It’s long been in the works, but this week we got our first glimpse at the Beatles Rock Band video game, at the E3 conference in LA. They are the latest in a long line of bands to have custom branded Guitar Hero or Rock Band games. Significantly, it’s the first time that the Beatles have finally realised it’s no longer 1995.
The trailer (after the jump) blows our mind. We’re not the biggest fan of these type of games, but this one looks great. Unlike AC/DC and Aerosmith, the Beatles were a band where every member shined. You’re not just fighting over the guitar. The graphics, all over the trailer, look great. From the Ed Sullivan show to the Rooftop Concert, they pick the right eras for each song.
The technology has also improved, with this edition of Rock Band the first to support harmonies. The graphics do justice to the band who had such a strong visual image. The song selection, 41 songs in all, is flawless. Best yet, you can buy custom Beatles Rock Band instruments, including Ludwig drums, a Hofner bass and an awesome looking Rickenbacker Guitar.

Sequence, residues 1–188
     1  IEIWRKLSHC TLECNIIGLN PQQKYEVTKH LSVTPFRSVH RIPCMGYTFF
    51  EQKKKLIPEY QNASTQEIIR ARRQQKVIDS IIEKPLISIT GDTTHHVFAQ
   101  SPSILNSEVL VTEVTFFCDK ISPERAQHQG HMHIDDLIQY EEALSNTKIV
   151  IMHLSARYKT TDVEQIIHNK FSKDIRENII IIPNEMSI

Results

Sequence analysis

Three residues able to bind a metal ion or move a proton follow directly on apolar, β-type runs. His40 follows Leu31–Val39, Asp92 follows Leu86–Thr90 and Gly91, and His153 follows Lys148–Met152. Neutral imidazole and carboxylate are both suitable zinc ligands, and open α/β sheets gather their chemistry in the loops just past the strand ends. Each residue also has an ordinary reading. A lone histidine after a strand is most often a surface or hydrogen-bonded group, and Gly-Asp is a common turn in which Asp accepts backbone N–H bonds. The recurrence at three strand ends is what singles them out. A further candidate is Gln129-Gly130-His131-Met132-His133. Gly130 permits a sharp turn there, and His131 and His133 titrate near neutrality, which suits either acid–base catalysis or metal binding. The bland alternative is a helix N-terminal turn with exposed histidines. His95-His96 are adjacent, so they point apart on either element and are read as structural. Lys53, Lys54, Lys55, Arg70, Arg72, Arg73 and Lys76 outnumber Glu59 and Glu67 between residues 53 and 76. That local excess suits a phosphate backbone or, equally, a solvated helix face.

The Beatles are one of the most merchandise-d bands in the world. There will surely be a lot of people waiting to get their hands on this one, and they will no doubt love it. The game comes out 9th September, the same day as the Beatles reissues.
Last week it was announced that the Beatles are finally releasing thier catalogue on remastered CDs. It was a curiously dated announcement. You have Depeche Mode announcing iTunes passes, Nine Inch Nails announcing iPhone apps, and the Beatles are being remastered on CD.
Odder still was the little detail missed by most of the world’s press, that the CDs will be coming with short Quicktime movies with making-of documentaries about each album.
This is, of course, a terrible idea. I think of my copy of All For Nothing/Nothing For All, a Replacements compilation from 1997 that features Quicktime movies of the film clips. The files on there are no longer supported by the current version of Quicktime. Or indeed the last few versions of quicktime.
They could have done great webisodes, or podcasts, or sellable downloads of these movies. Quicktime? In their flimsy defense, the box set of all the albums comes with the quicktime movies as one DVD.
Which all brings me to the point that someone out there, steering the wheel on the digital yellow submarine, is stuck in the past. Will they pay dearly? Hard to tell with the Beatles – they are such giants. But it’s a tragic mistake – in a long career of reissue mistakes.
Lets hope there is more too it, and the Beatles can actually make it exciting to be a Beatles fan in 2009, not 1997.